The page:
• Gravitates to new, innovative, unusual music
  • May gesture when listening to music
  • Plays with abandon and can getcarried away

 

Examples of Potential Musical Contributions by the Posterior Lobes

Left Posterior Lobesbrain lead

  • Learns the building blocks of music (e.g., chord structure, time/key signatures, notes, rests, ornamentation, scales, arpeggios)
  • Recalls musical labels
  • Identifies and names sounds
  • Reads words and musical notations, and translates them into something that has meaning
  • Follows the rules of music (e.g., writing, transposing, composing, harmonizing)
  • Memorizes music precisely
  • Pays attention to details (e.g., counting, key signatures, accidentals, mm guidelines)
  • Learns to sight-read easily (e.g., recognizes and interprets signs for sounds and silence)
  • Conforms to lesson and practice schedules
  • May need written music in order to play
  • Often prefers familiar, traditional music
  • Tends to play with restraint and attention to detail or directions

Right Posterior Lobesbrain lead

  • Likes to talk about the music with others
  • Wants to please (e.g., teacher, audience) and is sensitive to criticism
  • Perceives musical quality (e.g., rhythm, melody)
  • May becomes discouraged easily when the music doesn’t sound right or when makes mistakes
  • Sensitive to the body language of others (e.g., the teacher, other musicians, the audience)
  • Is sensitive to emotions contained in the music
  • Understands symbols in relation to musical expression (e.g., patriotic songs, love songs)
  • May play by ear easily
  • Tends to gravitate toward music that has a melody line and harmonious sounds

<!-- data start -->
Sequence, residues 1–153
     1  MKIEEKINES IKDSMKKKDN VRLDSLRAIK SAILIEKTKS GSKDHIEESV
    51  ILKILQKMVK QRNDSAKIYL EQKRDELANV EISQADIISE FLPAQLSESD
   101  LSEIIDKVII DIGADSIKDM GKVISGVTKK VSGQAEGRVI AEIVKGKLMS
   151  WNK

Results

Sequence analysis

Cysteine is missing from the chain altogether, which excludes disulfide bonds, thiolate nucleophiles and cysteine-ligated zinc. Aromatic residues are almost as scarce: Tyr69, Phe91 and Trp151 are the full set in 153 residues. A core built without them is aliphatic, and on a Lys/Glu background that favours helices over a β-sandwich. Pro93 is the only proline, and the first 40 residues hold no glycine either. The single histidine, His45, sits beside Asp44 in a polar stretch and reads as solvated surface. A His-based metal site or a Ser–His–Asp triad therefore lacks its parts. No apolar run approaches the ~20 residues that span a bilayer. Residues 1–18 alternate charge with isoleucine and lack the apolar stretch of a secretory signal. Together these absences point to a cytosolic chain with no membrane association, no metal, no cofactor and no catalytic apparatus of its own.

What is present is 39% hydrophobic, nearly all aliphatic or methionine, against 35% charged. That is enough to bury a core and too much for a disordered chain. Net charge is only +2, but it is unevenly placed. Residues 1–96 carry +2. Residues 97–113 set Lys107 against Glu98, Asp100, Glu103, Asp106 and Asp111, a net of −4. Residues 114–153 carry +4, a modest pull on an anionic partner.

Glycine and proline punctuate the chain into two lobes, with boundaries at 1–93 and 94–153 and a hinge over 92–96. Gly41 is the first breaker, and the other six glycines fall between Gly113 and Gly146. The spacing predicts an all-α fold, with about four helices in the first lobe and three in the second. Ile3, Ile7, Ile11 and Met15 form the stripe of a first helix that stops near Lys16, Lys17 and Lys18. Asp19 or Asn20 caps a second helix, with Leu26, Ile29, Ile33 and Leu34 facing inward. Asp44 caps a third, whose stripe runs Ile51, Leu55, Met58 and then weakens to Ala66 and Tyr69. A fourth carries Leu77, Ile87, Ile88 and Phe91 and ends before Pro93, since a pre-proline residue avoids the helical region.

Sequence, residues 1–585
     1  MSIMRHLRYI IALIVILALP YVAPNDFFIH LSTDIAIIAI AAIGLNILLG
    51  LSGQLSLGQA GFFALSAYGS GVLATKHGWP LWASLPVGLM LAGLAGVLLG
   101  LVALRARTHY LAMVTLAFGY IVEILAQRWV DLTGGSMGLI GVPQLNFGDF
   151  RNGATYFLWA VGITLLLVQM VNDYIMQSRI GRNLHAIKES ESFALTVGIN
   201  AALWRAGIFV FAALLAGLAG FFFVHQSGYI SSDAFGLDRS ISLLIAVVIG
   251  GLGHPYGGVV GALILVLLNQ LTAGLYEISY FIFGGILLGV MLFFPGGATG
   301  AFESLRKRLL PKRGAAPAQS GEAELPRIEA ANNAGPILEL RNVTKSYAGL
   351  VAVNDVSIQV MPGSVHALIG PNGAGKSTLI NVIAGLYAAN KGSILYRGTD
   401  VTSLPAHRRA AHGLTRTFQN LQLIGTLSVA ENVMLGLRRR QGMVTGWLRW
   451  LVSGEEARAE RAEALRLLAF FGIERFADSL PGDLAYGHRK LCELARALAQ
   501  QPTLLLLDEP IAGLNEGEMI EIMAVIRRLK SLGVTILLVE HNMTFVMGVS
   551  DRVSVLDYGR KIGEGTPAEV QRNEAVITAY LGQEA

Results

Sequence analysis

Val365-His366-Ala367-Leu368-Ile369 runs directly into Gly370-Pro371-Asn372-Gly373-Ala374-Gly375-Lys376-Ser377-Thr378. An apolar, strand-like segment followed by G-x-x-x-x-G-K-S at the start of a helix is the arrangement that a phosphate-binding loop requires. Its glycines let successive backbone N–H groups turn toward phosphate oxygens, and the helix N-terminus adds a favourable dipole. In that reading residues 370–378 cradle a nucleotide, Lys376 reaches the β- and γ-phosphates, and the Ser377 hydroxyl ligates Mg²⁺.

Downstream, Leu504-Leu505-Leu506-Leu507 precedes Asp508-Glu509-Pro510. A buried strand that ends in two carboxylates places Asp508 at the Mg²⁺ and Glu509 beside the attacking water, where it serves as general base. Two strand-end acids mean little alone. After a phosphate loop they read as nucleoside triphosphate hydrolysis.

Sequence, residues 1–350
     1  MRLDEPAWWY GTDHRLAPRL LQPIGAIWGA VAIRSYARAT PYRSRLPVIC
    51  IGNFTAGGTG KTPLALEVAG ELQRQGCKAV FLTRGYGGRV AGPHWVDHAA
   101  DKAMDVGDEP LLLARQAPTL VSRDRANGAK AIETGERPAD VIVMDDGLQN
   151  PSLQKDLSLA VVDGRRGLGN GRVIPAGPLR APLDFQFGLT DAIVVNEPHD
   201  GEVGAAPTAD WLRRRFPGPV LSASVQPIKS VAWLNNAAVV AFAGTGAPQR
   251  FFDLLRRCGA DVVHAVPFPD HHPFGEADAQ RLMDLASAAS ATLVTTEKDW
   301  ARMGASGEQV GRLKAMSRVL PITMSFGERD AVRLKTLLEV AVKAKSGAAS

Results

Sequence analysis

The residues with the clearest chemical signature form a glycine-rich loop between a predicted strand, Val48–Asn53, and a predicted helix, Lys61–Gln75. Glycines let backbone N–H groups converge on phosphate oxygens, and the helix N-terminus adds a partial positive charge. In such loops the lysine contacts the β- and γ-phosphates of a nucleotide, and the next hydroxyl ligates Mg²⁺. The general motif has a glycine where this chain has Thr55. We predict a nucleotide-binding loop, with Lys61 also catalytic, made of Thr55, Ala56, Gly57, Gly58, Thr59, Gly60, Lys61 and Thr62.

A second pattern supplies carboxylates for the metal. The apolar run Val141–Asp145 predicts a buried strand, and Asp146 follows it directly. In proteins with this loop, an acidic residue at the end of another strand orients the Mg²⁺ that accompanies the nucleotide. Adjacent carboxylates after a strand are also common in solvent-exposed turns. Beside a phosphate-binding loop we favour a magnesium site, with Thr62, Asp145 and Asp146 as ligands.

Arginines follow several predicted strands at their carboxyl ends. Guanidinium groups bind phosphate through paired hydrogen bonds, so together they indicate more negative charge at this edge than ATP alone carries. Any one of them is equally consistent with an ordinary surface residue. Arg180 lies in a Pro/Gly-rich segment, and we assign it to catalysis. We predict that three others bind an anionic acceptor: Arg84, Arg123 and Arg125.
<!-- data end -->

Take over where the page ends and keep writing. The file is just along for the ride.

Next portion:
• Often prefers music that tells a story (country and western, blues, gospel) or that is rhythmical (marches, waltzes, swing)
  • May move body to the music (e.g., dance, sway)
  • Tends to play with rhythm, feeling, sensitivity

 

Sound and Energy

It requires energy expenditures to generate sound. Energy only comes out of a musical instrument when energy goes into it. When you listen to a violin being played, you are hearing energy in the violinist’s muscles transformed into sound. Only about 1% of the energy put into an instrument comes out as sound.

Acoustic power is measured in watts and every instrument has a maximum power output. For example, a violin, flute or clarinet puts out about 1/20 of a watt at its loudest; a tuba puts out 1/5 of a watt; a trumpet, 1/3 of a watt; and a typical piano, almost ½ of a watt. Other instruments put out more such as the trombone at 6 watts, cymbals at 10 watts, and a bass drum at 25 watts.

Based on your giftedness you may find specific musical activities easier or more challenging to master, and more energy-efficient or energy-intensive. While the undamaged brain can probably learn to do most musical activities at some level, it is prudent to capitalize on those aspects that are energy-efficient for one's brain.

It is also important to recognize that it generally requires the development of skills in a given musical activity for one’s potential abilities to be realized and demonstrated. Individuals with a similar brain lead may still have varying potential abilities within those functions. Some possess and express an especial giftedness that is sometimes referred to as virtuosity.